James P. Johnson
Back during the heyday of ragtime piano (pre-1920), James P. had become a part of the famed "Harlem music scene," and was contributing to the distinctive Harlem piano style that differed melodically and harmonically from classic ragtime. Conventional ragtime had syncopation but lacked polyrhythm. James P. developed a strong and solid walking bass with his left hand and a rhythmic exciting treble with his right. His music flowed at an even tempo with considerable syncopation between the two hands. He superimposed conflicting rhythms in solos of symmetrical beauty.
James Price Johnson was born in New Brunswick, N.J., in 1894. His mother taught him rags, blues, and stomps as soon as he was able to handles the keys on the parlor upright. When Jimmy reached 9 years of age, he started lessons with Bruto Giannini, a strict musician from the old country, who corrected his fingering but didn't interfere with his playing of rags and stomps.
The Johnson family moved into New York City when Jimmy was 12, and early in his teens he became the "piano kid" at Barron Wilkin's Cabaret in Harlem. It was at Barron's that he met Charles L. (Lucky) Roberts from whom he derived his brilliant right hand. Later his solid bass was inspired by the work of Abba Labba, a "professor" in a bordello. Through the years James P. kept up his studying, and in the 1930s he began the study of orchestral writing for concert groups.
James P., Lucky Roberts, Willie (The Lion) Smith, and the Beetle (Stephen Henderson), were familiar figures around "The Jungle" (on the fringe of San Juan Hill in the west 60s when this older Negro district was thriving before 1920.) They followed in the footsteps of Jack The Bear, Jess Pickett, The Shadow, Fats Harris, and Abba Labba.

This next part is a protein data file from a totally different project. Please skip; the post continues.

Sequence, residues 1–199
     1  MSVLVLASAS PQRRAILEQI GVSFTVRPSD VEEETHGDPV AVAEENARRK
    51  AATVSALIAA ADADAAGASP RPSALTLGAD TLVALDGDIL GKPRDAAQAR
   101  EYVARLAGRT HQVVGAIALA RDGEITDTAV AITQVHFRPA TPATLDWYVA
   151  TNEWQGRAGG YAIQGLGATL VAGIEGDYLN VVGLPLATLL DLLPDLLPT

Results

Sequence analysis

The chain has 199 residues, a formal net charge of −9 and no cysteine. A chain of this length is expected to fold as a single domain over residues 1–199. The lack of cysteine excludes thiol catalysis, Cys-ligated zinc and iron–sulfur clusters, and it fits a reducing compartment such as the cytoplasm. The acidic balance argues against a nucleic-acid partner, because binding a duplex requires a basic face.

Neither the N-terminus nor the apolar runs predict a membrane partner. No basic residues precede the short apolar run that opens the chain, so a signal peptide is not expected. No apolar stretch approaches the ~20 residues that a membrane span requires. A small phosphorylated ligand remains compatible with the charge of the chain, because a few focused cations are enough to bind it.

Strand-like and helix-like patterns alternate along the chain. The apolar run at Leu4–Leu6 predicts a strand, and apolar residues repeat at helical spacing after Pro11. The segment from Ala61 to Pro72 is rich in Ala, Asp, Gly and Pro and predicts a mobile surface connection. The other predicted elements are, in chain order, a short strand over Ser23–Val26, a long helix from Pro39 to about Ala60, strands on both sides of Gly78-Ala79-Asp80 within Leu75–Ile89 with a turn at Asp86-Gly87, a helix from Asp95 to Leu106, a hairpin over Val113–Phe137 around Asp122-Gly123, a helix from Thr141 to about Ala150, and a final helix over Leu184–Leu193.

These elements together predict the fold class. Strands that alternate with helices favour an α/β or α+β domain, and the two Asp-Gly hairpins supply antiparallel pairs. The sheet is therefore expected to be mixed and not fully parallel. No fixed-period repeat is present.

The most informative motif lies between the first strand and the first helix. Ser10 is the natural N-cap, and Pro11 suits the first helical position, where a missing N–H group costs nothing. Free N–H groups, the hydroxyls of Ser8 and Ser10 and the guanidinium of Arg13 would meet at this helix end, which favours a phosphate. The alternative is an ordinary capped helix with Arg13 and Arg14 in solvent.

Here and in the later uptown Harlem, the house rent parties flourished and the boys who could tinkle the ivories were fair haired. Willie The Lion recalled those days for Rudi Blesh as follows: "A hundred people would crowd into one seven-room flat until the walls bulged. Plenty of food with hot maws (pickled pig bladders) and chitt'lins with vinegar, beer, and gin, and when we played the shouts everybody danced." Long nights of playing piano at such festivities gave James P. plenty of practice at the keyboard.
There were two younger jazz pianists who followed Jimmy Johnson around during these Harlem nights. One was young Duke Ellington, fresh from Washington, and the other was James P.'s most noted pupil, the late Fats Waller. The latter cherished the backroom sessions with James P., Beetle, and The Lion.Read more
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